Pizza

What is pizza?

You will find plenty of learned disagreement on this topic. Including what kind of cheese to use, what sort of sauce, what other toppings, and even the etymology of the word pizza. Naples may be the geographical source of pizza, but it was a peasant dish before it was a city food: and the pizza that we’re mostly used to eating is as much – or more – American as Italian.

The best pizza you can buy in Edinburgh is sold at Mamma’s in the Grassmarket.

But if you make your own bread, which I do, what is pizza becomes a much simpler question:

It began as a means of using up leftover dough and grew into a means of making a full meal out of bread, cheese, and a few vegetables.

No matter how good an eye you have for quantities of flour, you can never make exactly the same weight of bread. (The French government after the Revolution solemnly ruled it a “scientific heresy” that bakers could make bread of the same weight using the same quantity of flour, which is why in France for many years bread was priced by the gramme weight, not the unit.) Anyone making a batch of bread will nearly always have some bits of dough leftover. The traditional British thing to do is to add more fat and some sugar and maybe some dried fruit and spices and make up sweet yeast-leavened cakes, indigestible and delicious.

But the traditional Italian thing seems to have been to spread it into a flat layer, add some kind of sharp sauce, some fresh soft cheese, whatever other herbs or vegetables (or fish, or meat) there might be available, bake it up fast, and eat it hot.

You can of course make pizza dough specially (and it will be good even though you almost certainly don’t have the right kind of oven – ignore Tony Naylor’s Guardianista ravings: homemade pizza will be tastier than anything you can buy from a fast food pizza place, unless maybe Mamma’s). And once you get the hang of it, you don’t really need pizza recipes.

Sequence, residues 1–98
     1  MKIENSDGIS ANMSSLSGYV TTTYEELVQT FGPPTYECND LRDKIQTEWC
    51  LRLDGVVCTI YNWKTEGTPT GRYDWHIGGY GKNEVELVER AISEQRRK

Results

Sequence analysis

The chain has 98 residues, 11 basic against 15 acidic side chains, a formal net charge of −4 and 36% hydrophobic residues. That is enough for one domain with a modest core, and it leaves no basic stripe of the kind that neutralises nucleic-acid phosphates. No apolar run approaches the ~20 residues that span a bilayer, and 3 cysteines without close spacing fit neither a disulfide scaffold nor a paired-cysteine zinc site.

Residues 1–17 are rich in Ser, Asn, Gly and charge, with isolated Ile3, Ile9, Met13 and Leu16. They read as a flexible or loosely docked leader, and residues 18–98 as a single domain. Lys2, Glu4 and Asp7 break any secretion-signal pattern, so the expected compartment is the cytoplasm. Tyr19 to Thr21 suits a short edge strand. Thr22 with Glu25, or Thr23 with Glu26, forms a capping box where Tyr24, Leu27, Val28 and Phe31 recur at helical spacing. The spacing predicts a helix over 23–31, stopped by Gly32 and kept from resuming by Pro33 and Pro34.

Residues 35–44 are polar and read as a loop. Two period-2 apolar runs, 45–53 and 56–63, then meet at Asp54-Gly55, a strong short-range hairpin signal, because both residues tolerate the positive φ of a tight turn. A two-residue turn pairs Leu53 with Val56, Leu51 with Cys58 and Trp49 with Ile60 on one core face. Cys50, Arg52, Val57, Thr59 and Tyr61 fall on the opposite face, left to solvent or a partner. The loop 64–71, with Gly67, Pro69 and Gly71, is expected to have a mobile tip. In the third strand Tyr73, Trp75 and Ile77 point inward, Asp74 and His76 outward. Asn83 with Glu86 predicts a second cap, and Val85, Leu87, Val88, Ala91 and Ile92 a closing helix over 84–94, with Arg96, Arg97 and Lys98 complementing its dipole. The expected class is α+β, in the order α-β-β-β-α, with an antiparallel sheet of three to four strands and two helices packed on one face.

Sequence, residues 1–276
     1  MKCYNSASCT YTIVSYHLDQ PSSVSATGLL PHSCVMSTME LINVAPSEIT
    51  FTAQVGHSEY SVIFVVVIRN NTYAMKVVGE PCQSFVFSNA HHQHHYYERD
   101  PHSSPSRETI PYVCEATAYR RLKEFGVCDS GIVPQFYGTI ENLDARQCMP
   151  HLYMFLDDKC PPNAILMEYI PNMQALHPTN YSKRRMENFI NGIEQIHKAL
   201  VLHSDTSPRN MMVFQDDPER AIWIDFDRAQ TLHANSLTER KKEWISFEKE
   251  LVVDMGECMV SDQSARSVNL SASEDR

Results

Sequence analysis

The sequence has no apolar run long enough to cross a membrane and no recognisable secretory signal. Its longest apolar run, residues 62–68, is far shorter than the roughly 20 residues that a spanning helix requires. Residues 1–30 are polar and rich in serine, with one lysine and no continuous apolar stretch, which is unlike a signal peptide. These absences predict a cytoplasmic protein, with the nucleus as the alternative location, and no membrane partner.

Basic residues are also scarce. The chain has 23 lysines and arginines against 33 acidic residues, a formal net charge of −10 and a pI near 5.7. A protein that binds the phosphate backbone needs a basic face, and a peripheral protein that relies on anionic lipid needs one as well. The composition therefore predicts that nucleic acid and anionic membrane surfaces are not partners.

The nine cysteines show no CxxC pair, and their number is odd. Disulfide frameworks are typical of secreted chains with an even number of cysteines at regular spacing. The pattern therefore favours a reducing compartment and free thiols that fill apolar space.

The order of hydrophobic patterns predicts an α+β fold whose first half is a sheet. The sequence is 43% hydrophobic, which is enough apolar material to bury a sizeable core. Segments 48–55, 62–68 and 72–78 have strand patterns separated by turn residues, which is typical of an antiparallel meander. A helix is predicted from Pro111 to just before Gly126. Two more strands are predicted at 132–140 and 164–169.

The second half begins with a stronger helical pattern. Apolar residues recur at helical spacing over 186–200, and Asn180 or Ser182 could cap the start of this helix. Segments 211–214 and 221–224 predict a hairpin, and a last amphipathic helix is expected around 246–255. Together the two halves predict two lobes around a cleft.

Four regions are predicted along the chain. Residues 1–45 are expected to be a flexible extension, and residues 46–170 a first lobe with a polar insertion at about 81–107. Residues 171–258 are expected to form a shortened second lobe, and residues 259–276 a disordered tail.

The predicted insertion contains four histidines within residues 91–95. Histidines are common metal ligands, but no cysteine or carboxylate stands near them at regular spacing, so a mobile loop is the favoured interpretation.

There are three rules to delicious pizza:

  1. Use good dough to make the base.
    Prebought prebaked pizza bases: waste of money. Buy one of those flour-with-instant-yeast-added bags if you’re worried you can’t make bread – they’re all but foolproof.
  2. Only add cheese, sauce, and other toppings that you yourself actually like.
    Yes, Mozzarella is “authentic” – if you live in Naples. Pizza is essentially a peasant food – it’s meant to be constructed out of what you can get easily.
  3. Don’t add too much of anything, and don’t go wild adding too many different things.
    Cheese and a sauce: one or two more vegetables thinly sliced: maybe some fresh herbs if you’ve got them.

Spread out the dough – don’t worry if it’s not as thin as an expert would get it: cover all but to the edges with a thin layer of the sauce (thin, otherwise you have a scalding mouthful of hot sauce in your future): cover with grated cheese (or very thin slices of cheese): add your other toppings as a scattered array, not a layer: bake in a hot oven until the base is baked (the edges will be browned): and that’s it. You have achieved pizza.

It won’t pass an EU authentication standards board. But it cannot fail to be (if you follow the three basic rules) tastier and cheaper than anything you can buy. The most terrible thing about learning how to make your own pizza: you discover what a hellish markup there is on any commercial pizza.

I can and I have made pizza out of: edible flowers mixed with cheese (that was particularly good, if hard to duplicate); pesto and goats cheese; vegan pesto and tomato to share with a dairy-free friend; and even – either of which are probably worse than anything you’ll try – a pizza for two small children who refused all the possible toppings until we went with oven chips and baked beans, and my own personal favourite total heresy – Branston pickle for the sauce and strong cheddar for the topping, with wholegrain mustard.

Yes I went there. And it was good.

Which is the main thing, after all. *munches pizza*

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Filed under Bread, recipes

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